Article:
Working with .Net Arrays
Arrays in Xbasic use one-based indexing. In other programming languages, arrays are zero-indexed. In this guide, you will learn how to work with .Net arrays in Xbasic.
By default, Xbasic arrays are indexed using one-based indexing. This means that the items in the array are referenced using indexes beginning with one (1) for the first entry and continuing on with 2, 3, 4 and so on.
Other environments, including .Net arrays and collections, use zero-based indexing. This means that the first item in the array is referenced with an index value of zero (0) and continues on with 1,2,3 and so on.
When accessing an array or collection in .Net from Xbasic, Alpha Anywhere automatically maps one-based indexes in Xbasic array references (square brackets – "") to zero-based indexes. This removes the need to remember whether an array reference is for an Xbasic array or a .Net array or collection.
- Xbasic square bracket references ("x" for example) to.Net collections and indexed properties assumes one-based indexing on the Xbasic side and maps to zero-based indexing on the .Net side.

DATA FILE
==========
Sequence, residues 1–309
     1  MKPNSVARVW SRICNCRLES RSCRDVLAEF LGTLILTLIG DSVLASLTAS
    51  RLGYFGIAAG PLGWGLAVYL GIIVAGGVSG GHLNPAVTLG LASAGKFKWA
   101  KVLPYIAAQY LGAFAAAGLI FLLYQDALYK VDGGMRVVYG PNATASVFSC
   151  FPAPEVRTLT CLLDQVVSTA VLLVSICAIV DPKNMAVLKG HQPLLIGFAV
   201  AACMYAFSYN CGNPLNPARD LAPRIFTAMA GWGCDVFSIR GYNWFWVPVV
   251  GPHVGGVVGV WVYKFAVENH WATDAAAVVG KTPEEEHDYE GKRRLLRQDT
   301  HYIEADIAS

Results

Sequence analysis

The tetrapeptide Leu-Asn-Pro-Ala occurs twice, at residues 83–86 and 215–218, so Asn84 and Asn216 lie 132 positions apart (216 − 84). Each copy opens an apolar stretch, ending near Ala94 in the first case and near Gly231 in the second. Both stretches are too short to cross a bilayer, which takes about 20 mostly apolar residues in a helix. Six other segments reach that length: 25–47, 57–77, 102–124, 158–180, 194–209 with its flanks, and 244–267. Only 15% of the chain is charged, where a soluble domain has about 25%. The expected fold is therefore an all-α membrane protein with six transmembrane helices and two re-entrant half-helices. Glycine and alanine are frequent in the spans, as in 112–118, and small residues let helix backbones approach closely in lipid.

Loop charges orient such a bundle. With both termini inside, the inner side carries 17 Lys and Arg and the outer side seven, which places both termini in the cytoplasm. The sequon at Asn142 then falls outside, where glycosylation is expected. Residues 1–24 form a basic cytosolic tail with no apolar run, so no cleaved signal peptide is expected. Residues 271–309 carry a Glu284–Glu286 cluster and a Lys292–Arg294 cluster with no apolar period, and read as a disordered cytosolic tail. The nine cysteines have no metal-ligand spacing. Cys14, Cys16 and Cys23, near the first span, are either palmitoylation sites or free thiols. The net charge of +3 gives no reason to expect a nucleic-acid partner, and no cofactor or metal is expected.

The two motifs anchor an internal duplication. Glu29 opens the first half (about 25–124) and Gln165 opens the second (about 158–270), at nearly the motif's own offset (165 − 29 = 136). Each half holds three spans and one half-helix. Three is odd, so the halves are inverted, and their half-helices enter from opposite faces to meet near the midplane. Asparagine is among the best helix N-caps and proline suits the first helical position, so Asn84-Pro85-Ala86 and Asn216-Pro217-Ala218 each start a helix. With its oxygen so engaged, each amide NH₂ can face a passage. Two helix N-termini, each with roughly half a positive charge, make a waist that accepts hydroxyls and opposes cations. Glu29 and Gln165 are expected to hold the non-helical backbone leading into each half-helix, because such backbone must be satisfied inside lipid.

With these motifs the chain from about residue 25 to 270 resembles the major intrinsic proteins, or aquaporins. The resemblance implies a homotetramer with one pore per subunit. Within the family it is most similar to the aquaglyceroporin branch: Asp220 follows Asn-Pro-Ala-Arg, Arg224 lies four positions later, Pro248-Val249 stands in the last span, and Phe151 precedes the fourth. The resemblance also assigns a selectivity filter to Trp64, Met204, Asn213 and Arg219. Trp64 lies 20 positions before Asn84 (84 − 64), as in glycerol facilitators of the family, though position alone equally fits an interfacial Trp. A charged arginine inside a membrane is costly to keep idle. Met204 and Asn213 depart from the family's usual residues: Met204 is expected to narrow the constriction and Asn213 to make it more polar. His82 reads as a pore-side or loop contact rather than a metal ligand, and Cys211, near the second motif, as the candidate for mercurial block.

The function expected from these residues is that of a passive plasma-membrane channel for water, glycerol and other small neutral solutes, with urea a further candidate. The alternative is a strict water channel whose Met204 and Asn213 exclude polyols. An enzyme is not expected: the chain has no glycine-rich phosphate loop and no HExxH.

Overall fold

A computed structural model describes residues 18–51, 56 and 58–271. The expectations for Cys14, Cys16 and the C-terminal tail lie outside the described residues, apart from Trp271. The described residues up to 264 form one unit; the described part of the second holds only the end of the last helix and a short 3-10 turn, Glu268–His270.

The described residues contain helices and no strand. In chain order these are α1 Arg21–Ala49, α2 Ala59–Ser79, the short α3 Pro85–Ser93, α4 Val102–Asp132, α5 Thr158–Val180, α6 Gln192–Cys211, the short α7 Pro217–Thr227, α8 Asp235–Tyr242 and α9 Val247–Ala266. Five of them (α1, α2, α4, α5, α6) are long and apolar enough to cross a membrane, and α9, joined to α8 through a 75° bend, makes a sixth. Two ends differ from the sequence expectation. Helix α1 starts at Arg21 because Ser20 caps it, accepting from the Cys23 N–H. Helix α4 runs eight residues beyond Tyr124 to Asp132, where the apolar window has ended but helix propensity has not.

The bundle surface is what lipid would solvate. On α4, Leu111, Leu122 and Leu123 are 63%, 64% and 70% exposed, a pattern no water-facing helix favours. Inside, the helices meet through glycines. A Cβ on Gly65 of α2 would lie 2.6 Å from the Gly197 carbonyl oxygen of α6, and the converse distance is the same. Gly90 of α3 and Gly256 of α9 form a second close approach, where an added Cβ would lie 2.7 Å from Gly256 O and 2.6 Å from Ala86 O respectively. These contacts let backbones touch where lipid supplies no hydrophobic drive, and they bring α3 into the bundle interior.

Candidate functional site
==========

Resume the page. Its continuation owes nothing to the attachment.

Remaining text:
- This is consistent with the default behavior of Xbasic arrays.
- If a .Net collection or class uses a function to access items, the Xbasic function syntax ("x.Item(0)" for example) does not map any parameters, as it does not know if they are indexes or simple values.
- If you call a .Net function, consult the documentation as to appropriate values. In general, indexing functions will require that you use zero-based indexing.
The interactive window session below now shows accessing the System::Data::DataSet Tables collection using the Item property with a numeric or string index:
dim ds as system::data::dataset t1 = ds.Tables.Add("Fred1") ?t1.TableName = "Fred1" t2 = ds.Tables.Add("Fred2") ?t2.TableName = "Fred2" Tables = ds.Tables.Count for i = 1 to Tables ; ? ds.Tables.Item[i].TableName + crlf(); next Fred1 Fred2 ?ds.Tables.Item["Fred1"].TableName = "Fred1" ?ds.Tables.Item["Fred2"].TableName = "Fred2"